Impact of age, clinical conditions, and lifestyle on routine semen parameters and sperm kinematics

Age negatively correlated with a wide range of routine semen parameters and sperm motility kinematics. Patients older than 40 years showed decreased sperm quality, worsened by obesity and smoking.

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Volume 110, Issue 1, Pages 68–75.e4

Authors:

Gustavo Luis Verón, M.Sc., Andrea Daniela Tissera, B.S., Ricardo Bello, M.Sc., Fernando Beltramone, M.D., Gustavo Estofan, M.D., Rosa Isabel Molina, B.S., Mónica Hebe Vazquez-Levin, Ph.D.

Abstract:

Objective

To assess the impact of aging on routine semen and computer-assisted sperm analysis (CASA) motility parameters according to the current World Health Organization guidelines; and to evaluate the effect of obesity and lifestyle (alcohol consumption, cigarette smoking) in older men's semen.

Design

Blind cross-sectional study.

Setting

Research laboratory and andrology and reproduction laboratory.

Patient(s)

A population of 11,706 men.

Intervention(s)

None.

Main Outcome Measure(s)

Semen analysis: routine (semen volume, sperm concentration and count, motility, vitality, morphology, hypo-osmotic swelling test, round and peroxidase-positive cell concentration) and CASA (straight-line velocity, curvilinear velocity, average path velocity, linearity, straightness, beat cross frequency, wobble, amplitude of lateral head displacement, and mean angular displacement) parameters; and body mass index.

Result(s)

A negative correlation was found between age and routine semen parameters: volume, sperm count, motility, vitality, total motile spermatozoa and normal-motile spermatozoa, round cell concentration, and hypo-osmotic swelling test values. Several CASA variables (straight-line velocity, curvilinear velocity, average path velocity, beat cross frequency, amplitude of lateral head displacement, and mean angular displacement) were also negatively affected. Using 40 years as a cut-off value, significant differences in most parameters correlated to age. In a selected subpopulation of men unexposed to known fertility-compromising factors, the same evaluations were performed, finding some parameters still decreased. Although obesity exerted a significant deleterious effect on older patients’ semen quality, alcohol consumption and cigarette smoking mildly affected it.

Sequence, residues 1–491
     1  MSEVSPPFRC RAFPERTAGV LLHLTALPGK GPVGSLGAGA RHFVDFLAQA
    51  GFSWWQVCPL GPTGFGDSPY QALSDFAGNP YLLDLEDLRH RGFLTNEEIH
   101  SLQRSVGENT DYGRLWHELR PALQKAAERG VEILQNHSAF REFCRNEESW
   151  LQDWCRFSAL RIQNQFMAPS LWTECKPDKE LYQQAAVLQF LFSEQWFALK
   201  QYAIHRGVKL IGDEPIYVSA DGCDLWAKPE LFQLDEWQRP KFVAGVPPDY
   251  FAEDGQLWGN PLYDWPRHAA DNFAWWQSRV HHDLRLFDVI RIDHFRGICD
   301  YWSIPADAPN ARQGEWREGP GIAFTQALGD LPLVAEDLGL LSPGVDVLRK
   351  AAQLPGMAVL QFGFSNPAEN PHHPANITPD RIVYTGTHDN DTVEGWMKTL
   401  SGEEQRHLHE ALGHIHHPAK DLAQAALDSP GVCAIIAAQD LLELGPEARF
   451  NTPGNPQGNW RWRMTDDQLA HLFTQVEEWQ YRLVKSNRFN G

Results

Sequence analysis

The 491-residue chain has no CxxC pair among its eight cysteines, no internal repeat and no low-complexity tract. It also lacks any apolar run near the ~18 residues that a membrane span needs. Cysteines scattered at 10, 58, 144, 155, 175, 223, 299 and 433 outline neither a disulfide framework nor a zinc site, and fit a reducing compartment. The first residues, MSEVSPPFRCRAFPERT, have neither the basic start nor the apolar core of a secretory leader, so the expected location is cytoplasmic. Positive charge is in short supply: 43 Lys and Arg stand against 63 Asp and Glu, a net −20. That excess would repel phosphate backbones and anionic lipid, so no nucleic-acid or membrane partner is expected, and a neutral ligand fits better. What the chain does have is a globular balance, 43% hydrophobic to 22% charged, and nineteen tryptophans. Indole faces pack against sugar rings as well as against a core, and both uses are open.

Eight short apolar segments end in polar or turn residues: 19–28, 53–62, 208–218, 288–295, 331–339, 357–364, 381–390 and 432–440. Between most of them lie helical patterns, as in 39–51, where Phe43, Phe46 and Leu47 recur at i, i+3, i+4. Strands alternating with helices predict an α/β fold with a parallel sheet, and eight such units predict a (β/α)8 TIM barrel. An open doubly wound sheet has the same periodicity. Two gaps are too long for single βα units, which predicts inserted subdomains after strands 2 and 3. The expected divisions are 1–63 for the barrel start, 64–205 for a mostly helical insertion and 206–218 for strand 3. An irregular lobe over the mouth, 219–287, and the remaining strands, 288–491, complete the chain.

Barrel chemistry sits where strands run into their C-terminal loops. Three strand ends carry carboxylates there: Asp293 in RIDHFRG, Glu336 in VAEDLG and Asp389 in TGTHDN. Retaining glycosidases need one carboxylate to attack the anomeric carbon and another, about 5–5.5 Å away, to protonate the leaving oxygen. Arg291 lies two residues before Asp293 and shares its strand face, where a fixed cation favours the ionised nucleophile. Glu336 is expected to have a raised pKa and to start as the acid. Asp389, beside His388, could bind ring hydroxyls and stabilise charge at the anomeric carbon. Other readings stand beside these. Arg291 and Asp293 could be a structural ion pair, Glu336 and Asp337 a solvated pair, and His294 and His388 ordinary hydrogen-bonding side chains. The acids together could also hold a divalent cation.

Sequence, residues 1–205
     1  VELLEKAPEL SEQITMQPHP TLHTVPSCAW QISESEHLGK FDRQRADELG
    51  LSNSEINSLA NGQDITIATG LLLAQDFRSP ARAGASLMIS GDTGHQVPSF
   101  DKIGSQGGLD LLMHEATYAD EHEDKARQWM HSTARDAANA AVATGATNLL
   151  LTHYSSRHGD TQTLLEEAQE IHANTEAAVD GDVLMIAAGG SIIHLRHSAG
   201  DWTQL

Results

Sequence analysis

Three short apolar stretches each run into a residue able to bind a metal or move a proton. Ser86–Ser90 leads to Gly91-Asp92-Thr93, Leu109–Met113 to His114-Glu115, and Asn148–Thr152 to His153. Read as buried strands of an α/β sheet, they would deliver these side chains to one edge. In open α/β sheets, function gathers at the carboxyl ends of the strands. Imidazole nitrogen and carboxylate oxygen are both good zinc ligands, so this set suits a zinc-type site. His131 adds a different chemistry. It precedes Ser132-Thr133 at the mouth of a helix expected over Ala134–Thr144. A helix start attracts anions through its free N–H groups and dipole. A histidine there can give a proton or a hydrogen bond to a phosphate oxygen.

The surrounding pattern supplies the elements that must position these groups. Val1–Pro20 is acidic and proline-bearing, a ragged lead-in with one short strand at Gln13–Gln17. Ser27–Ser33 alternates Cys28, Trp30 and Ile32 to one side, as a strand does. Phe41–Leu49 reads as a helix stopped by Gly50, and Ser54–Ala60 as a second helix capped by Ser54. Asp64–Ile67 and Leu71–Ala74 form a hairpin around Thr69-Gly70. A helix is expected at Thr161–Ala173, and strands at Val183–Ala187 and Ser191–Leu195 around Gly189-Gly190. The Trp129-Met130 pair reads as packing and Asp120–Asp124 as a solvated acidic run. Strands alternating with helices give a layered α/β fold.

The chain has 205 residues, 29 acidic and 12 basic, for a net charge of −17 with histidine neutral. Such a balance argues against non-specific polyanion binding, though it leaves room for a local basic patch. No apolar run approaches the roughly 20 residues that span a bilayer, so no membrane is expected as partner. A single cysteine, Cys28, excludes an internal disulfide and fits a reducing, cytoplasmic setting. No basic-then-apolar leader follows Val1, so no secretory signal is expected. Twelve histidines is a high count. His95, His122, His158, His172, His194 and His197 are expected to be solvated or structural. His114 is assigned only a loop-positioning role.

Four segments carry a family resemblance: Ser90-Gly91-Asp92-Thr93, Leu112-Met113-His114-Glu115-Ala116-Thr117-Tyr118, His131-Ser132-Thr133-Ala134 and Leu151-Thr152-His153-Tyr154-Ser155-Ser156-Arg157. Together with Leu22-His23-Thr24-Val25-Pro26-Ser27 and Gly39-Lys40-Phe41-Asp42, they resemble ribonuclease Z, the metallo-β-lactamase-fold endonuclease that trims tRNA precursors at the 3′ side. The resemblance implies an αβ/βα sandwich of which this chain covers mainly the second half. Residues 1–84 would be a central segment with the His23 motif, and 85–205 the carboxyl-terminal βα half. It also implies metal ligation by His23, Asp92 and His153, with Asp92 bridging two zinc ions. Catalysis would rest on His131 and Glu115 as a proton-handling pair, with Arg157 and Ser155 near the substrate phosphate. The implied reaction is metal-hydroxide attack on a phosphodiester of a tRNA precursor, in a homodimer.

Conclusion(s)

Male aging, with the contribution of unhealthy conditions, are paramount effectors of sperm quality deterioration.


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Fertility and Sterility® is an international journal for obstetricians, gynecologists, reproductive endocrinologists, urologists, basic scientists and others who treat and investigate problems of infertility and human reproductive disorders. The journal publishes juried original scientific articles in clinical and laboratory research relevant to reproductive endocrinology, urology, andrology, physiology, immunology, genetics, contraception, and menopause. Fertility and Sterility® encourages and supports meaningful basic and clinical research, and facilitates and promotes excellence in professional education, in the field of reproductive medicine.

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